Suella Braverman, the anti-woke Home Secretary, had described the coming refugees and immigrants as an “invasion”, while in the recent past a Conservative Prime Minister, David Cameron had called migrants crossing the Mediterranean a “swarm”. Additionally, just last year Robert Jenrick suggested British employers were selecting immigrant labourers over British ones. Seems like these echo something we’ve heard before…..
Perhaps more notable than the parallels among language used, is the parallels in the nature of legislation. I think most would agree that German approaches to the so-called Jewish issue reflected something of an infringement on human rights. In a similar sense though Suella Braverman admitted that her own bill handling migrants coming across the Channel on small boats may in fact breach human rights law… But at least it only has about a 50% chance of being approved according to her, so maybe this is just a cruel parallel to make - or just shitty odds from Paddy Power!
What is less cruel a comparison is the popular violence being inspired by the somewhat loose language of the Government. Kristallnacht is best remembered as the beginning of outright violence toward German Jews under the Nazi regime, but it is also essential to remember that this was an action not just called upon by the Nazi government, but carried out by common people as well, it was popular violence that was inflicted upon the Jewish people.
In recent days we have seen in the UK a growth in violence toward refugee populations, reflecting the somewhat violent language invoked by the British government. Riot police had to be called to prevent violent protestors assaulting asylum seekers in Liverpool, while Suella Braverman has been warned by Border Force staff that her language itself is provoking violence and hostility toward asylum seekers and refugees coming to the UK.
Lately, Nazi German links might feel like the go to critique of right-wing government, For the opposition it seems like every day the Tories do something apparently reflective of Hitler, or the Republicans produce legislation unseen in the west since Germany in 1939.
There’s a risk the public might be becoming inured/tired/bored-brainless to the comparison…. a little too much crying wolf/spilling milk/wobbling Rish! So the harder right Tory bleats how dare he compare us to Nazi’s, while Lineker was careful not to say Nazi. And the rest of us just want the football back on the telly so we don't have to get bankrupted signing up to Sky Sports.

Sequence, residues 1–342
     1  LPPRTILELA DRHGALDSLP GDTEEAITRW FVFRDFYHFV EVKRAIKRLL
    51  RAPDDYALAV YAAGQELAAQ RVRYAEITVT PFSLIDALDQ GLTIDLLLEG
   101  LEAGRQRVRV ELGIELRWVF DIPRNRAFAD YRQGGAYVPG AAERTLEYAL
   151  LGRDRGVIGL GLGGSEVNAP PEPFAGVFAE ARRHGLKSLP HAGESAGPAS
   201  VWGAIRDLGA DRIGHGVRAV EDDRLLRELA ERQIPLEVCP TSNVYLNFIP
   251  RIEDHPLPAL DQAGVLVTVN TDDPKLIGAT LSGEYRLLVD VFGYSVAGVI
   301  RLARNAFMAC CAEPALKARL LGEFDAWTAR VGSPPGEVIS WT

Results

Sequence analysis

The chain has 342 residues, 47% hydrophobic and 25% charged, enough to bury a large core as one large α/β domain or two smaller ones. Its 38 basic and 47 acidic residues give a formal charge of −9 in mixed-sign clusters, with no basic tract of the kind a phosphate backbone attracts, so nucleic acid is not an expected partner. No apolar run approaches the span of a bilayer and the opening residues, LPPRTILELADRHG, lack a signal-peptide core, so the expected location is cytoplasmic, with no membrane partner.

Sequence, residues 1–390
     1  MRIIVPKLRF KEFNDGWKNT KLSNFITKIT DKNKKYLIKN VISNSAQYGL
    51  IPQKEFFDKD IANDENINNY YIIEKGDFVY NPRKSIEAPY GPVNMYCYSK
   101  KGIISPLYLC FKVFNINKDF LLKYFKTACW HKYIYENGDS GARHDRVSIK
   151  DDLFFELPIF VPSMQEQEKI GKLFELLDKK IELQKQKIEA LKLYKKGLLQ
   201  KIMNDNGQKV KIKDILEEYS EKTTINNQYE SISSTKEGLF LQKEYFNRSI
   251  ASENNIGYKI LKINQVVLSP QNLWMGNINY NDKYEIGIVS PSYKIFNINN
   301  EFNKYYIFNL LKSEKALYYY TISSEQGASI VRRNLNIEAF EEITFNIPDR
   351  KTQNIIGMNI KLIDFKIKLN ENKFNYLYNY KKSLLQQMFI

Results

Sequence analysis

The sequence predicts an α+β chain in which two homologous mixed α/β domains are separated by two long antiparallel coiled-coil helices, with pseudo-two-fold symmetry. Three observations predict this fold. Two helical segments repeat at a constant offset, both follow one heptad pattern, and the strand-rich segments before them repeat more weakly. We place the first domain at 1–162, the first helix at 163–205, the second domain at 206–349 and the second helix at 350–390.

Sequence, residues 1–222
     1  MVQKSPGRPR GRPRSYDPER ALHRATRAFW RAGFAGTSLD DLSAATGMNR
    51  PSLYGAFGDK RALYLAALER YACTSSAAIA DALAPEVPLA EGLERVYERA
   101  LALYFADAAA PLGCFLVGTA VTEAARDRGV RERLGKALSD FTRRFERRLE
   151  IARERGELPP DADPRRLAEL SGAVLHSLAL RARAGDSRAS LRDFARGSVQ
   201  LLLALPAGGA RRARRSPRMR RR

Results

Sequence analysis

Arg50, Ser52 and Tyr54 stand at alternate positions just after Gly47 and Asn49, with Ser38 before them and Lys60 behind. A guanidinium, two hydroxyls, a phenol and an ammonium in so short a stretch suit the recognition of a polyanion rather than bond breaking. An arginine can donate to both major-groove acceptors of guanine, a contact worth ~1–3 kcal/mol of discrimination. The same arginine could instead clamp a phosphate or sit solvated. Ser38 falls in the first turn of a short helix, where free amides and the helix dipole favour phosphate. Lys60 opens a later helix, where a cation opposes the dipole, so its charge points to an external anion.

We should remember that not all German’s were Nazi. Linekar was comparing the rhetoric and subsequent policy of 1930’s Germany. A subtle, yet way bigger difference than the then leaders moustache!
Where Lineker fails is that he neglects to highlight the true parallel to the historic language of the 1930’s British Conservative. It is often understated, possibly because we are afraid of discussing how Britain failed Jewish people in the 1930s and 40s, but British language towards the Jewish refugee and migrant was not one of acceptance or invitation.
British government officials were reluctant to allow Jews into the nation, as they fretted over potential threats to British jobs, that they would fail to assimilate to British society, and that their presence would disturb the antisemitic populations within the UK already.
With time we recognised that British failure to act in the 1930s reflected a grand tragedy of the UK’s history with antisemitism, brought somewhat up to date with some dodgy choices by Jeremy Corbyn, even though the actions and horrors of the holocaust are certainly not attributable to them. But it is important to reflect on how Britain failed to act, to ensure we don’t repeat, and most importantly, to try and identify where those parallels actually are in our modern day.
Also, dare I venture to ask that the British government worry a little more about issues like why ‘we’re all broke and where’s the growth gonna come’ from than whether the Walkers crisps spokesman approves of their policies. Perhaps they need to own their policies a bit more - warts and all. After all, sticks and stones ………
The Letts Journal is a reader-supported publication. To receive new posts and support our work, consider becoming a free or paid subscriber.
Keep up to date with the Letts Journal’s latest news stories and updates on twitter.